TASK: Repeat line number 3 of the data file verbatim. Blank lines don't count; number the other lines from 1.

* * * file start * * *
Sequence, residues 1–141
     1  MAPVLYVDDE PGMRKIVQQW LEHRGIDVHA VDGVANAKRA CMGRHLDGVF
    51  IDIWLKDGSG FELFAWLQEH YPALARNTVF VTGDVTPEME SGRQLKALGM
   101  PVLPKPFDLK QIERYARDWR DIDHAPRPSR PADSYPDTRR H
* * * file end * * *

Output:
    51  IDIWLKDGSG FELFAWLQEH YPALARNTVF VTGDVTPEME SGRQLKALGM